Feb 16, 2017

Mark Cuban just said that he believes liberal arts will be more valuable than finance and CS in the future. An interesting thought. http://www.businessinsider.com/mark-cuban-liberal-...

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Best Response
Feb 15, 2017

A word of advice, don't read business insider.

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Feb 22, 2017

A word of advice, don't listen to mark cuban

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Feb 22, 2017

I did doubled in mechanical engineering and material science. I currently work in the automotive industry but will go to B-school this coming fall. If I could turn back the clock, I would have studied either physics or math and double in philosophy.

Engineering has helped me because it allowed me to analyze a problem with different variables. However, I think physics or math would have even been better (ie. Elon Musk). As for philosophy, I think this will come in handy because the future is changing with artificial intelligence and automation. Eventually robots will perform all the essential functions of a programmer or engineer. Knowing how to navigate human thoughts and morality and make logical decisions will be more beneficial in the next 20 years in my opinion.

If your goal is to end up going to B-school, pick a major that you will enjoy and do well in over the course of 4 years because your GPA matters a lot. I wish I were more like you when I graduated high school. Great way to start off your college journey. Good luck!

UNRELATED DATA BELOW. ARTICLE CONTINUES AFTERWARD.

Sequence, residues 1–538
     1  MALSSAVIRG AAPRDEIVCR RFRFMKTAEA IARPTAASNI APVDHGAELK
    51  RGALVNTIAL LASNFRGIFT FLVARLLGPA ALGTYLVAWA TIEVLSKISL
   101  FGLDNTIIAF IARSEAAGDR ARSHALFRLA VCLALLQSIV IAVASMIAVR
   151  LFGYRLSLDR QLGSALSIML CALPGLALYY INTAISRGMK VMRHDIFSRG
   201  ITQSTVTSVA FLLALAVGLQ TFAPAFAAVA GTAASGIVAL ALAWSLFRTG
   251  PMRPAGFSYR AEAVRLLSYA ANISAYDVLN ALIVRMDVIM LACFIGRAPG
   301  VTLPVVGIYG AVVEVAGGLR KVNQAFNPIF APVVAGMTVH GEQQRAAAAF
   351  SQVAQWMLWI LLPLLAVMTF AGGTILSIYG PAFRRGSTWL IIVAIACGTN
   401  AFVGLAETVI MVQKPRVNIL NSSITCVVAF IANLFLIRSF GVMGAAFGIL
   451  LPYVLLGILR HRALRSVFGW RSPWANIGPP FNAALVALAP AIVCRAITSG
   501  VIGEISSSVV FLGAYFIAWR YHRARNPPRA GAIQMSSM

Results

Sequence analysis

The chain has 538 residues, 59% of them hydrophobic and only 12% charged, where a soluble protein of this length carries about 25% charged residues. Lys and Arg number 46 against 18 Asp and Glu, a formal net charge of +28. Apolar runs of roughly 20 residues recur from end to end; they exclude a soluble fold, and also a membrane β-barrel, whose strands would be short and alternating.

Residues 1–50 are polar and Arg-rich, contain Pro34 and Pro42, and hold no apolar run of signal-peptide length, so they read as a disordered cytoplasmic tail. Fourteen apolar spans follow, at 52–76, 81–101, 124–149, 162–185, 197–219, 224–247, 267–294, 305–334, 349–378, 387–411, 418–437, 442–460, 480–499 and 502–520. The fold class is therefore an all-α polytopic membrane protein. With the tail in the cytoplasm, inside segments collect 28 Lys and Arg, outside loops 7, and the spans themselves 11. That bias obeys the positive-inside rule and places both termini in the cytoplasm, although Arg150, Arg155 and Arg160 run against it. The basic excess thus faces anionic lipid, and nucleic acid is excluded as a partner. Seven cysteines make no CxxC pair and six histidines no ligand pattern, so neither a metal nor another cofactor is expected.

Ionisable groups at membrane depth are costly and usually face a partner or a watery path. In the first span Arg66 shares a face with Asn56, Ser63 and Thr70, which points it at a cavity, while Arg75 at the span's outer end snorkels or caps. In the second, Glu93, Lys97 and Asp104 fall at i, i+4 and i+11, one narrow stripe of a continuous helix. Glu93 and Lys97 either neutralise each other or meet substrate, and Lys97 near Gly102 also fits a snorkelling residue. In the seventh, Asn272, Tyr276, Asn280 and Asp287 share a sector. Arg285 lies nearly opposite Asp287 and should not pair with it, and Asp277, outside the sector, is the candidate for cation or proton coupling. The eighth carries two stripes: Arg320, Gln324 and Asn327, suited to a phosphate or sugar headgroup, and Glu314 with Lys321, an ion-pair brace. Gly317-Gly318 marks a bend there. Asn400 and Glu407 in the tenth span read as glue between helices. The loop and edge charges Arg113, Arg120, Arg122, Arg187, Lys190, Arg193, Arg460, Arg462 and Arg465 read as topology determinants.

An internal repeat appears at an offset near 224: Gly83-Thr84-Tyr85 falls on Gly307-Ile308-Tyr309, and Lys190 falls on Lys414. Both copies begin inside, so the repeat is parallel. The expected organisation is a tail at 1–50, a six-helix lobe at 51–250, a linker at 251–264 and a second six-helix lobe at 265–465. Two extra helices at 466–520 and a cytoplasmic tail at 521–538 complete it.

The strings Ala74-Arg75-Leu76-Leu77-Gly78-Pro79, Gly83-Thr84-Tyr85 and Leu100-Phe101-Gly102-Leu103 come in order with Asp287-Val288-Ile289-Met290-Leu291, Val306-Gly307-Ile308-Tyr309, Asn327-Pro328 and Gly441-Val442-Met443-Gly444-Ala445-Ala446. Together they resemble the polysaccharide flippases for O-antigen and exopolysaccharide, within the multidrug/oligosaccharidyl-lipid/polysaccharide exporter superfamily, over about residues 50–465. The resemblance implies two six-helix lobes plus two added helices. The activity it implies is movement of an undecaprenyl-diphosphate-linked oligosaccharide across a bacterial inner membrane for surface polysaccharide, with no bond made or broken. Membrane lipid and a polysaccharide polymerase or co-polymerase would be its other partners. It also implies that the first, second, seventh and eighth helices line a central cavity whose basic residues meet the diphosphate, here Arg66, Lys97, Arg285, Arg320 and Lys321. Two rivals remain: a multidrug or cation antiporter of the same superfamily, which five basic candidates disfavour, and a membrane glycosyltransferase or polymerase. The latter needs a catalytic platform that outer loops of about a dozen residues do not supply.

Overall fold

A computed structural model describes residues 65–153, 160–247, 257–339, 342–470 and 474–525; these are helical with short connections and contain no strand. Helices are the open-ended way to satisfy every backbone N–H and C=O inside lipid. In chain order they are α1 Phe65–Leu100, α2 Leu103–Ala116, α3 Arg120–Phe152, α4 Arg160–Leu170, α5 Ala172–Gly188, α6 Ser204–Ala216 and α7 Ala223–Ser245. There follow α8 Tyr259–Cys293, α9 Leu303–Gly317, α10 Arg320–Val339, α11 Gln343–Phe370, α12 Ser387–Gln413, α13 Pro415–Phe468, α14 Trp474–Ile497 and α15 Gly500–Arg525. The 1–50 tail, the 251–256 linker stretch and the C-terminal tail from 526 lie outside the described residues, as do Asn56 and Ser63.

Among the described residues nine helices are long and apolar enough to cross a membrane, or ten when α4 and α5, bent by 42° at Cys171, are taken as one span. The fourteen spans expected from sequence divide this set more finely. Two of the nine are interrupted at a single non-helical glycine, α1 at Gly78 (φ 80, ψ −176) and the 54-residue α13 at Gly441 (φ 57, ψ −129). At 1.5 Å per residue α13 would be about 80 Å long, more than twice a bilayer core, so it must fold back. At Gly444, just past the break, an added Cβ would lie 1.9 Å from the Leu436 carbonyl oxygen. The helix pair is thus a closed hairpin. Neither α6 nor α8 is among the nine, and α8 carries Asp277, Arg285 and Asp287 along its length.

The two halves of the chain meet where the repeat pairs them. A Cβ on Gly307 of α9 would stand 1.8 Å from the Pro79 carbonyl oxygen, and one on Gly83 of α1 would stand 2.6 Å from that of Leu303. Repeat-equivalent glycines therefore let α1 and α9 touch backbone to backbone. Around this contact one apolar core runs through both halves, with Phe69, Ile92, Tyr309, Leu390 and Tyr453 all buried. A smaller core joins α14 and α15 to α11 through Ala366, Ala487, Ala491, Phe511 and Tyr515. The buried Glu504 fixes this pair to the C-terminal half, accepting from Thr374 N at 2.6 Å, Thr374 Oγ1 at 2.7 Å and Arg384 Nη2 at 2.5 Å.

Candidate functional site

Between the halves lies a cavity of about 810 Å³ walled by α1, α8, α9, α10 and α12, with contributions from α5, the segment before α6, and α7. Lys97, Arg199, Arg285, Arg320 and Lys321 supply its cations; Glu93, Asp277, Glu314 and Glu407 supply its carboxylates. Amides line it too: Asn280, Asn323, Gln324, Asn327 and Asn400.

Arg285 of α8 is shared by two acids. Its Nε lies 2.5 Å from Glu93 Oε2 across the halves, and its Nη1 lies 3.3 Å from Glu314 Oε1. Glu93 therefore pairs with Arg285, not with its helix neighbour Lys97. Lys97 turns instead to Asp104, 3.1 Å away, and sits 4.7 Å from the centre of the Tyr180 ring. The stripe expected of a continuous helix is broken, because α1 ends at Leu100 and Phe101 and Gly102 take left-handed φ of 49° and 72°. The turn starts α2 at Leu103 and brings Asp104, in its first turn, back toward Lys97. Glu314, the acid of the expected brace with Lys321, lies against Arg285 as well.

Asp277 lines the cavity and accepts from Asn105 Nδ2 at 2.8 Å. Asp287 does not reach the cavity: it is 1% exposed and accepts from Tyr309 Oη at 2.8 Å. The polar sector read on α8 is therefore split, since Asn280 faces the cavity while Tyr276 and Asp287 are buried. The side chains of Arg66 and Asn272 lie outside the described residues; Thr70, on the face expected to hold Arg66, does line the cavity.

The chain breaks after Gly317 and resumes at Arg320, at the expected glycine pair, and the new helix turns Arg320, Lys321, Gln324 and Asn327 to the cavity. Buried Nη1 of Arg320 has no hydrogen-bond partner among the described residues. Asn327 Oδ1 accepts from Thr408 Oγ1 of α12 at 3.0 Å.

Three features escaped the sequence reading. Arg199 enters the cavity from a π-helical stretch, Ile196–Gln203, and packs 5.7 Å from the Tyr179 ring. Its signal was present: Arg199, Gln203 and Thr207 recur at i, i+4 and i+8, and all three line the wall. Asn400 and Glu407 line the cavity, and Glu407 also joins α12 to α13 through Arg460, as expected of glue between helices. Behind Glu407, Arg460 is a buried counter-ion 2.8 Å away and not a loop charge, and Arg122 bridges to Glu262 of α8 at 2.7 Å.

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Feb 22, 2017

+1 for Physics & Philosophy, probably the most well rounded education. Oxford has a program that combines the two that I would have liked to complete.

Feb 22, 2017

Do anything with a quantitative focus. It could be engineering, math, statistics, econ (take a lot of econometrics courses), could also be bunch of other areas I won't bother to look up. Data science is going to blow up and this kind of background will set you up nicely to take advantage. Not only professionally, but academically as you will have a strong base for grad school.

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Feb 22, 2017

Now: CS
Future: Avoiding $200K in debt and letting machines just run everything

Seriously, I fear that even for college students today, many careers will be shortened by automation. If you live in California, Washington, Michigan, Wisconsin, Illinois, Virginia, Georgia, or Maryland, you have the opportunity to pay $5K/semester for a better engineering degree than most Ivies can offer.

Obviously if you get a full ride to MIT or Stanford or Princeton, take it. But in the face of the future cashflow uncertainty, the safer and more conservative bet is to stay thrifty and spend $20K/year on school rather than $65K/year. UIUC and Berkeley create more successful tech startups than the average Ivy, place better at Google, Amazon, and Facebook, and simply have stronger programs. And they're cheaper, leaving you with more money and freedom to participate in the tech revolution. And if automation happens faster than people expect, you'll have paid off your loans sooner and be in better shape.

If it were me, the safe bet right now is in-state engineering. If you don't have a good state school where you live, ask your parents to move to California. :-)

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Feb 22, 2017